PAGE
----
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    • Mike

      PhotoBucket are no longer permitting 3rd party hosting   01/07/17

      As most of you are now painfully aware, Photobucket (PB) are stopping/have stopped allowing their members to link their accumulated years of photos into forums and the like, which they call 3rd party linking.  You can give them a non-refundable $399 a year to allow links, but I doubt that many will be rushing to take them up on that offer.  If you've previously paid them for the Pro account, it looks like you've got until your renewal to find another place to host your files, but you too will be subject to this ban unless you fork over a lot of cash.   PB seem to be making a concerted move to another type of customer, having been the butt of much displeasure over the years of a constantly worsening user interface, sloth and advertising pop-ups, with the result that they clearly don't give a hoot about the free members anymore.  If you don't have web space included in your internet package, you need to start looking for another photo host, but choose carefully, as some may follow suit and ditch their "free" members at some point.  The lesson there is keep local backups on your hard drive of everything you upload, so you can walk away if the same thing happens.   There's a thread on the subject here, so please use that to curse them, look for solutions or generall grouse about their mental capacity.   Not a nice situation for the forum users that hosted all their photos there, and there will now be a host of useless threads that relied heavily on photos from PB, but as there's not much we can do other than petition for a more equitable solution, I suggest we make the best of what we have and move on.  One thing is for certain.  It won't win them any friends, but they may not care at this point.    Mike.


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About Troffa

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    Out on the wily, windy moor.

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  1. Thanks for the image Alex, beyond my skills- I've been looking at PRXI's for a while now and all of them that I have seen photo's of have the headrest installed, but this unidentified PRXI is the only one I've noted with a venturi visible. Just interested in the reason for this presumably rare fit.
  2. Is it a Rudder Bar?
  3. At the 6 Minute 17 Seconds mark in this video : https://www.youtube.com/watch?v=ie3SrjLlcUY there is a shot of a small Sperry type venturi tube installed to starboard side of a USAAF PRXI, just aft of the wing trailing edge, below the star and bar. Not something I've seen before on the Spitfire, of any mark. I've searched BM and the net in general, and had a quick flip through my go-to spitfire references to no avail. Anyone have any further detail on this installation? Do watch the video all the way through, its a superb bit of documentary film making. Cheers, Troffa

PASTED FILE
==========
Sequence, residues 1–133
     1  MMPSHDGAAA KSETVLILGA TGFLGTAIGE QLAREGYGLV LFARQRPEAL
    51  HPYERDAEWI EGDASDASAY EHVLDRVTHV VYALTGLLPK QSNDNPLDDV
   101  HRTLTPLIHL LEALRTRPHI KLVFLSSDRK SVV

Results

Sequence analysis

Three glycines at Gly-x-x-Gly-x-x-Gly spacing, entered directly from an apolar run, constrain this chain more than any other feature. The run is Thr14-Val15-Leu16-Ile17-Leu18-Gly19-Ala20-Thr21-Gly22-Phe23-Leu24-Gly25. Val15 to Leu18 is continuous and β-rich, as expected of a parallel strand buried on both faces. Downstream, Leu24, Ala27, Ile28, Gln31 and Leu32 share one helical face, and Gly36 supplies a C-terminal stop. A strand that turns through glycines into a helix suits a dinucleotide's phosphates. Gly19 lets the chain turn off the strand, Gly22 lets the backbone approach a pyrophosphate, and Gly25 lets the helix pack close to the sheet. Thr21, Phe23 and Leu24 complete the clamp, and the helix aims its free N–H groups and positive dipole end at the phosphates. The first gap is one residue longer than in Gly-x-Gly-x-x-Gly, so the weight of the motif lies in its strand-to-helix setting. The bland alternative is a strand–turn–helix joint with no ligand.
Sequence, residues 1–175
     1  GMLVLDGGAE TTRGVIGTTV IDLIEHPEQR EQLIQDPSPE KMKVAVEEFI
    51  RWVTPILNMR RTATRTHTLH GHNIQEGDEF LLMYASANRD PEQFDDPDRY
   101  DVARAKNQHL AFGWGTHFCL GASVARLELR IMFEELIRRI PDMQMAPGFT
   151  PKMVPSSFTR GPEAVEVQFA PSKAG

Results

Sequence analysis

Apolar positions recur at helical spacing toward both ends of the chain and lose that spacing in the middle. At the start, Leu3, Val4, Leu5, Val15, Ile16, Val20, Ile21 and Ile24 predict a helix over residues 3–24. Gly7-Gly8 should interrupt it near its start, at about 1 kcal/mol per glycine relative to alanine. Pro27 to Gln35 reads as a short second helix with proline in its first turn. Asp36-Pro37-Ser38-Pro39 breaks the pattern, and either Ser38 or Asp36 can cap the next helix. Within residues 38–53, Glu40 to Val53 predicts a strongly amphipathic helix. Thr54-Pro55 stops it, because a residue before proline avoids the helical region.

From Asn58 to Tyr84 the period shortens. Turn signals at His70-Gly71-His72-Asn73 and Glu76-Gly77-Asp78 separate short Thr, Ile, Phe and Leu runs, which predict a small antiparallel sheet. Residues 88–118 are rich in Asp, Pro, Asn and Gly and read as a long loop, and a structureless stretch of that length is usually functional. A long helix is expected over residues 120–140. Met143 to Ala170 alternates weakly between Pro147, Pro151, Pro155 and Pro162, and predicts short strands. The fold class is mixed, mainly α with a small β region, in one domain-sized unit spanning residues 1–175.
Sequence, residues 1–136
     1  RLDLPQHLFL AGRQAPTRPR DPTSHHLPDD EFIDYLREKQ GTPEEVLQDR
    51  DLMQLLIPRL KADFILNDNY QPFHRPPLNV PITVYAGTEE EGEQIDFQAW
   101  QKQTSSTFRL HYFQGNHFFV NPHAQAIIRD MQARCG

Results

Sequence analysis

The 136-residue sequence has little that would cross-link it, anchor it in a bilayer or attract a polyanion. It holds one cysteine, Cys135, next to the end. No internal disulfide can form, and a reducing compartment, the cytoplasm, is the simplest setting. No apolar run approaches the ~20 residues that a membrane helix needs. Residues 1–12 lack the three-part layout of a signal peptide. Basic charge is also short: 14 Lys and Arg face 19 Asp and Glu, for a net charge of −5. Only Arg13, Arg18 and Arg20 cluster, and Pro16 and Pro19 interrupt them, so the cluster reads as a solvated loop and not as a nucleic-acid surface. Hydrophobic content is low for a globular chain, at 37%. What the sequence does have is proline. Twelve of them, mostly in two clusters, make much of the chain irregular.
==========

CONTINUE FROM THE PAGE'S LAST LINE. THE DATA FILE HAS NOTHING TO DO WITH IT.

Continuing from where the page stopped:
4. Upgrade to existing in-service airframes, over the next five years, with the first Upgraded aircraft back in service in 2019. A midlife update program similar to the GR1/ GR4 Tornado that the RAF got. Of course, once the technical integration of the new Avionics and Airframe changes are designed and produced, Boeing could offer the Block III Standard aircraft as a new build to any future customers cleared for the technology, or as a separate upgrade scheme for existing customers like the RAAF.
  5. No worries!
  6. OK, Caveats ahoy here: Assuming that the GR4 you are going to build is in the overall Medium Sea Grey (to British Standard BSC381 637) scheme, then it would appear that the closest paint in the Vallejo scheme is 70.870 Medium Sea Grey. Whilst this sounds great, Vallejo Medium Sea Grey is actually matched to the US Federal Standard 595 colour (or should that be color?) FS 26270 which is, according to the links below, is close, but not quite a match for the British version of the Colour. If it were me, it would probably be close enough for Jazz. Vallejo colour charts here: http://www.acrylicosvallejo.com/en_US/downloads Handy paint standard comparison web page here: http://www.e-paint.co.uk/Colour_alternatives.asp?cRange=BS 381C&cRef=BS381 637&cDescription=Medium sea grey Topic on britmodeller discussing the GR4 Colour scheme: Happy modelling! Cheers, Troffa
  7. That is an absolutely spectacular model, superb build, excellent paint finish, realistic weathering. Awe inspiring. Show stopper. Cheers, Troffa. Off to put his airbrush up for sale. :-)